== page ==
with Alexandra Walsham (University of Cambridge)
A study day organized by the Center for European Philosophy
Friday 22 March 2019, 13:00-20:00
University of Antwerp, Stadscampus, Room S.004, Lange Sint-Annastraat 7, 2000 Antwerp.
Description and program
This study day will focus critical attention on Max Weber’s influential thesis that the Protestant Reformation initiated the process that he called ‘the disenchantment of the world’, as well as upon how – and why – these claims have been contested, refined and modified in more recent scholarship. It will encourage participants to consider the complex ways in which the religious revolutions that unfolded between the fifteenth and eighteenth centuries both challenged and reanimated the place of the sacred and the status of the supernatural. Following an introductory overview, broad discussion of the intellectual and cultural repercussions of the Reformations will be combined with close study of selected key documents. The aim will be to probe the complexities, paradoxes and unintended consequences of religious movements that have long been accorded a pre-eminent place in the making of the ‘modern’, secular world.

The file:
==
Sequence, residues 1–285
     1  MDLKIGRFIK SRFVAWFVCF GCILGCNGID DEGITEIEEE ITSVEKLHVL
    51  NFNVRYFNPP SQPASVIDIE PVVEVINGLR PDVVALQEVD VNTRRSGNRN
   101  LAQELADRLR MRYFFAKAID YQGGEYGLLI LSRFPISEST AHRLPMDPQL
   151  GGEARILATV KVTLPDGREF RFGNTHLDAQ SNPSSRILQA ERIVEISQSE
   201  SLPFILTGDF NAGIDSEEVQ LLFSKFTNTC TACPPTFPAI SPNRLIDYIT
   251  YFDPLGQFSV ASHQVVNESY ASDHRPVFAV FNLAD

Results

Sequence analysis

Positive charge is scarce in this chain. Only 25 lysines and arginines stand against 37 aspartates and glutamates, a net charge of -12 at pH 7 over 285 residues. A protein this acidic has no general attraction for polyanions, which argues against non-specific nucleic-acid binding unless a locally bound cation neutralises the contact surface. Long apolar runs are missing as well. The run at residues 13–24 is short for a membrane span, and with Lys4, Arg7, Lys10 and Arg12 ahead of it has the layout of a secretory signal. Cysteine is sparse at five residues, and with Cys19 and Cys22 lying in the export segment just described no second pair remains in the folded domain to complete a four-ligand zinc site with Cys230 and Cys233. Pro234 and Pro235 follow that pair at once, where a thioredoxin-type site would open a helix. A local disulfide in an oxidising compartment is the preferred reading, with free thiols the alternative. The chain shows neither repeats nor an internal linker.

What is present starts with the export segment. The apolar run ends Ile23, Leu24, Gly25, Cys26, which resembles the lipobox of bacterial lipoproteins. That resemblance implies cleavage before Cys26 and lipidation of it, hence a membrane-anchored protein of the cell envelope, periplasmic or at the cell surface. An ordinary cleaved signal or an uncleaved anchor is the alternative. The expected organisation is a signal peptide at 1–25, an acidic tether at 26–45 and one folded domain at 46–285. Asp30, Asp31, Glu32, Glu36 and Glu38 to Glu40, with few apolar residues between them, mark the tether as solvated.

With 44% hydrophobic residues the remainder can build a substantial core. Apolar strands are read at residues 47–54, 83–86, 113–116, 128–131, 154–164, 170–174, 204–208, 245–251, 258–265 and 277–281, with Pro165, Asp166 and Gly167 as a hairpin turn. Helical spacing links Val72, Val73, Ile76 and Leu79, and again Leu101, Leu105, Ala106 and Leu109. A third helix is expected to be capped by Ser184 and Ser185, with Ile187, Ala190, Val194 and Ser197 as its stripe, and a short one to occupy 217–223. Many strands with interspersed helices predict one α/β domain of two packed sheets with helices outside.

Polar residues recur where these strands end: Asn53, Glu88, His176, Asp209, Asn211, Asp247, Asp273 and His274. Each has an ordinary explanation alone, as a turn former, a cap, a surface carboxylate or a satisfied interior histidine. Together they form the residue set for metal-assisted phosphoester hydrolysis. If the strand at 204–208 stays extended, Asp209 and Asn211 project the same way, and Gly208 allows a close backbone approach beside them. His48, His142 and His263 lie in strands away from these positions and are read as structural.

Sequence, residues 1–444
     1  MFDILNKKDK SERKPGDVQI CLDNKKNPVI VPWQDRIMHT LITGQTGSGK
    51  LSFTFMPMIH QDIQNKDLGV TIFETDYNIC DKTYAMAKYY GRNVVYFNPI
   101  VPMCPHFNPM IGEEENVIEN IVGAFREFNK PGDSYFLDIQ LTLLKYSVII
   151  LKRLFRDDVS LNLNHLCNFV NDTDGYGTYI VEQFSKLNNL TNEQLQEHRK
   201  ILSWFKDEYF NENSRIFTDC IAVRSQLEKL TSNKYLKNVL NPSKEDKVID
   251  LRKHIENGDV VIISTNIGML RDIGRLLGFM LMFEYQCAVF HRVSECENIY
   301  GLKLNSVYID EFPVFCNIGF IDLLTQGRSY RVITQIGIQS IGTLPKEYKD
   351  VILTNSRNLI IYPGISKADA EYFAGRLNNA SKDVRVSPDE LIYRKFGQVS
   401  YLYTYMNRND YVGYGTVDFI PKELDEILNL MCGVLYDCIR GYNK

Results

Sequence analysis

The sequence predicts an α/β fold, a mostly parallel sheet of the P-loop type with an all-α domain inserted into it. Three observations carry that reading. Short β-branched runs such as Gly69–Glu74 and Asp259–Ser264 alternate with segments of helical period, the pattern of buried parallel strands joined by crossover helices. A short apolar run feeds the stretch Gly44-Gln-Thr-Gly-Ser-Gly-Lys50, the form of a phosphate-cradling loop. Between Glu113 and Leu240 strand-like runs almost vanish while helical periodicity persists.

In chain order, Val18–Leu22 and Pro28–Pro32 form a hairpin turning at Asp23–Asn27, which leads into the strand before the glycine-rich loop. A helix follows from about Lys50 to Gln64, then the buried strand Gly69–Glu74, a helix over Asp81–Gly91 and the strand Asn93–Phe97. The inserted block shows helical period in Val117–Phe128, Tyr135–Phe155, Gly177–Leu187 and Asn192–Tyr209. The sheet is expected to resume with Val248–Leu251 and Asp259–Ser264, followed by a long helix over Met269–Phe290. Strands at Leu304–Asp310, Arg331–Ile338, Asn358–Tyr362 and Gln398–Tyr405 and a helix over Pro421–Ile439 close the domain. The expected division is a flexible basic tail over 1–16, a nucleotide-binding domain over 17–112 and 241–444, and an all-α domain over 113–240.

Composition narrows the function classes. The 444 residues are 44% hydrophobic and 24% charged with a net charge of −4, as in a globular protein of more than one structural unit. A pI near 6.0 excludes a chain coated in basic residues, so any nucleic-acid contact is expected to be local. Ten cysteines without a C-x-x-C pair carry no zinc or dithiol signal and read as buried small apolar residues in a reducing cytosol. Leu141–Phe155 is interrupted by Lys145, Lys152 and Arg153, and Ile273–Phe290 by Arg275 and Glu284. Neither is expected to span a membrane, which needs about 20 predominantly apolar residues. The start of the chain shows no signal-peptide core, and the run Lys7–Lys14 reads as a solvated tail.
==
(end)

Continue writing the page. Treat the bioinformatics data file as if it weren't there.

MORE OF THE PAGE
13:00-14:30 Part I: The Idea of Disenchantment in Max Weber’s The Protestant Ethic (introduction and close reading session)
14:45-16:45 Part II: Rethinking Paradigms of Disenchantment in the Reformation World (guest lecture and interactive seminar by Alexandra Walsham)
17:00-18:00 French wine & Dutch cheese dinner
18:00-19:30 Part III: The Reformation an Agent of Secular Modernity? (workshop and discussion)
No prior reading or preparation is required. All the study material will be provided in printed and electronic form at the start of the study day.
Participation fee: €20 (course material and catering included), to be paid in advance.
Registration: please write an e-mail to confirm your participation before Friday 15 March to firstname.lastname@example.org
Course coordinators: Herbert De Vriese and Guido Vanheeswijck (University of Antwerp)
This study day is part of series of lectures and study days devoted to a critical analysis of philosophical discourse on reenchantment. For more information, follow this link.